Mosquitoes can just ruin your day. Whether you're working in your yard in the summer, or hosting a get-together on the patio, swarms of mosquitoes can put a damper on your outdoor activities. And it's not just about batting away biting, whining insects from your face and limbs; these days, we have to be on guard against dangerous diseases.
Here are some things to think about as you combat mosquitoes on your property.
Types of Mosquitoes
There are numerous species of mosquitoes. Some are native to our country , and some have been brought here as a result of global commerce.
One particularly aggressive breed, the Asian tiger mosquito (Aedes albopictus), is known for biting in broad daylight. The Asian tiger mosquito is a carrier of Zika virus (a severe, flu-like illness) although the Center for Disease Control (CDC) reports no known occurrences of Zika thus far in the U.S. The Asian tiger is closely related to Aedes aegypti, also a carrier of Zika, dengue fever and chikungunya virus.
About 174 mosquito species are found in the U.S. and Mexico, the most common, besides the Aedes species, being the yellow fever mosquito, the house mosquito and the southern house mosquito.
Here's how some of the most common species look:
- Aedes spp. A. aegypti and A. albopictus are both black with white specks.
- House mosquito, including Culex pipiens and Culex resuans Theobald. Cx. pipiens is brown with white stripes and is the mosquito you most often find in standing water. C. restuans looks similar, but proliferates more in the eastern and central regions of the U.S.
- Southern mosquito, or Culex fatigans. This mosquito is more common in tropical and sub-tropical regions such as Florida. It's similar in appearance and behavior to the house mosquito, and like them, is a night-time feeder.
Mosquitoes need standing water where females can lay their eggs. After hatching, the larvae feed on vegetative matter in the water. The larvae progress through moltings to a pupal stage, then go on to the adult stage -- a period of five to 14 days. Soon after reaching adulthood, mosquitoes can fly. The females bite and feed on warm-blooded hosts to provide food for their eggs.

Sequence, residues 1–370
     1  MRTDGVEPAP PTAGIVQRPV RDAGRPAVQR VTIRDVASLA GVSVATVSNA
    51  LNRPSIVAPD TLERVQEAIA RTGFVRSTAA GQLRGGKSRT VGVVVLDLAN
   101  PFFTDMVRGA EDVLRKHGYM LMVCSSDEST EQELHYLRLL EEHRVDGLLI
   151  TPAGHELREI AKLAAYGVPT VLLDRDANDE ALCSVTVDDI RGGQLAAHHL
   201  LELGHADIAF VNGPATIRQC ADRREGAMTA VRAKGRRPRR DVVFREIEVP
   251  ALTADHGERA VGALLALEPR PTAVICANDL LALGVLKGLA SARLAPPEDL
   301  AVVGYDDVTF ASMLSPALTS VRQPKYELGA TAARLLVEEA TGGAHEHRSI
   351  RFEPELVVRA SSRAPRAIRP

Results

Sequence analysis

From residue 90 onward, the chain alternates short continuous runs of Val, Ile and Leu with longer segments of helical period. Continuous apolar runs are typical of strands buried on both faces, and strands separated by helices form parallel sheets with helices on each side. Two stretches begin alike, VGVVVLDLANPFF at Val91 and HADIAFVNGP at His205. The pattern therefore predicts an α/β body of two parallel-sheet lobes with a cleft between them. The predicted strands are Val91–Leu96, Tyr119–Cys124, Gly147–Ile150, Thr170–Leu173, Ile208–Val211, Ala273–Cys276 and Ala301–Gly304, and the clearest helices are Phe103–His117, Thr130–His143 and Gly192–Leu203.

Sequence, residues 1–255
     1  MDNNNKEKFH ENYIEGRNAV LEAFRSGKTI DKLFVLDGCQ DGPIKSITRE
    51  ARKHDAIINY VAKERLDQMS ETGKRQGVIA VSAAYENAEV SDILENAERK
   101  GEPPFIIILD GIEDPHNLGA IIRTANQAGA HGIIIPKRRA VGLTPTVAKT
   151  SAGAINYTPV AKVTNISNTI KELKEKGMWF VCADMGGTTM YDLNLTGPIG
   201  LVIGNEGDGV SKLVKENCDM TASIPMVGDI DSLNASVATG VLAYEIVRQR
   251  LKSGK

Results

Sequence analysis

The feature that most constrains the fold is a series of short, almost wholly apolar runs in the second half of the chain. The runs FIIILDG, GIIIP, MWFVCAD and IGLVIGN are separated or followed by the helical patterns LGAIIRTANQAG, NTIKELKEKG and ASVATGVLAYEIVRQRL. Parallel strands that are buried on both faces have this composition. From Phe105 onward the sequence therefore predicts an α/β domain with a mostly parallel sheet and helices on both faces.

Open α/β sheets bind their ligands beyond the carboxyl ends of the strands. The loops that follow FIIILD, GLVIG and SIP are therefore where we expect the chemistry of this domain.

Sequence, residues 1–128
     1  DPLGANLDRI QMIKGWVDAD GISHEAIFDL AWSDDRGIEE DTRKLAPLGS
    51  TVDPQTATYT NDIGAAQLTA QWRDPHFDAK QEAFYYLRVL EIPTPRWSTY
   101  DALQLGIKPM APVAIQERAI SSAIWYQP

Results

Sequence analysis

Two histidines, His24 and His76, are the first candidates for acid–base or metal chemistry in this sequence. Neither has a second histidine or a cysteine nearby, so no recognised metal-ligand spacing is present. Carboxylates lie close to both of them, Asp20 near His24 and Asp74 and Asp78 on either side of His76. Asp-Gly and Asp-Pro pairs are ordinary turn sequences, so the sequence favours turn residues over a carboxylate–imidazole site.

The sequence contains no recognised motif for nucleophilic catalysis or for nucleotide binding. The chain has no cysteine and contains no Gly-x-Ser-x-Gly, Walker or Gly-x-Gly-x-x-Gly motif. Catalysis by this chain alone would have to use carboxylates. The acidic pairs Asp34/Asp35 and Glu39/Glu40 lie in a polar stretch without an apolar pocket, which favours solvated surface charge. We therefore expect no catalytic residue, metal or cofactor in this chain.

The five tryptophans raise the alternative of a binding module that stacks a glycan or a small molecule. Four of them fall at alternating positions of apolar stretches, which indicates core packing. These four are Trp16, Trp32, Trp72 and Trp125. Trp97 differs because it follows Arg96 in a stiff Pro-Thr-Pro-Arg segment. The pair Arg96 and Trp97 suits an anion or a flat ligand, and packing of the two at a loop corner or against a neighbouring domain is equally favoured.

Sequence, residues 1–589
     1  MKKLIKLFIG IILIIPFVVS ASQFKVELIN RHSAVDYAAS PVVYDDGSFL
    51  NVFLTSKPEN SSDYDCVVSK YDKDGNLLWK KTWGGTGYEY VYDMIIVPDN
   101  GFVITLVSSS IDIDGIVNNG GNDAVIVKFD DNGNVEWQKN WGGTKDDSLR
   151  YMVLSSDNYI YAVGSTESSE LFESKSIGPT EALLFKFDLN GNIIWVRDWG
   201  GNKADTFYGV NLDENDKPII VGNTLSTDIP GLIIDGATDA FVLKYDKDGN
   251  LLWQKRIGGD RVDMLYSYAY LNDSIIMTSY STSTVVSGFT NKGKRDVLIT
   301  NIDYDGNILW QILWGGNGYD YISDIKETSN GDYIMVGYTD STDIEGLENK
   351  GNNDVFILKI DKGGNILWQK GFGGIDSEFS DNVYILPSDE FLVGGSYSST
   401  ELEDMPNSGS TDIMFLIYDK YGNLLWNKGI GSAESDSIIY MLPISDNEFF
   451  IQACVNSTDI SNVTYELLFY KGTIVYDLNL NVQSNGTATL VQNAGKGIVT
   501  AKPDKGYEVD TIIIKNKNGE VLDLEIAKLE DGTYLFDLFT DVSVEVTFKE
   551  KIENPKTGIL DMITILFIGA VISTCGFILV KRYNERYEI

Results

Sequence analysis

Mosquitoes, which are found everywhere except Iceland and Antarctica, linger in shrubbery and vegetation out of the sunlight, or hide under leaves and under bark to escape rain.
Besides laying eggs in natural pools of standing water found in drainage basins, swamps, flood plains and other natural areas, mosquitoes may seek bird baths, water dishes, backyard ponds and items such as an old tire that can collect rain water.
The main problem with mosquitoes, besides causing itchy welts to appear on our skin, is the potential for exposing us to various diseases. In the U.S., West Nile virus is the most common disease that mosquitoes can carry, followed by these, in order of occurrence:
- Chikungunya virus
- Dengue fever
- Unspecified California serogroup viruses
- St. Louis encephalitis virus
Yellow fever virus has not been found in this country in many decades but there are concerns that with global travel, it may return to the U.S. by means of A. aegypti, which also spreads Zika virus.
Besides transmitting diseases to humans, mosquitoes also carry viruses that can sicken and kill wildlife and domestic animals, including horses and dogs. Heart worm disease, which is caused by a parasite transmitted during a mosquito bite to the dog, is a deadly killer and crippler of canines.
One of the best ways to control mosquitoes is to eliminate standing water from your property. If you have a pond, make sure the water is aerated and moving around. You can also treat ponds with a biological pesticide (safe for children and pets) or stock the pond with mosquito-eating fish. Eliminate algae (that's mosquito larva food!) in the pond with an herbicide.
Other means of control:
- Light citronella candles during outdoors events.
- Make your yard safe from cats so insect-eating birds and bats will visit.
- Plant insect-repellent plants such as basil, citronella grass, lavender or catnip.
- Wear long sleeves and light-colored clothing.
- Install netting around your entertainment area.
Your mosquito infestation may be sufficient that you feel the need for chemical spraying or misting. If you do, be sure to hire a company that is environmental minded so you can minimize the damage to beneficial species during the spraying.
Due to robust surveillance and testing for disease, mosquitoes in the U.S. are at this point more annoying than deadly. In recent years, however, fears have risen over concerns about new diseases brought to our shores by invader species, and the resurgence of old ones. For the most part, however, spraying should only be used in times of severe infestation or disease outbreaks, to limit adverse effects on the environment.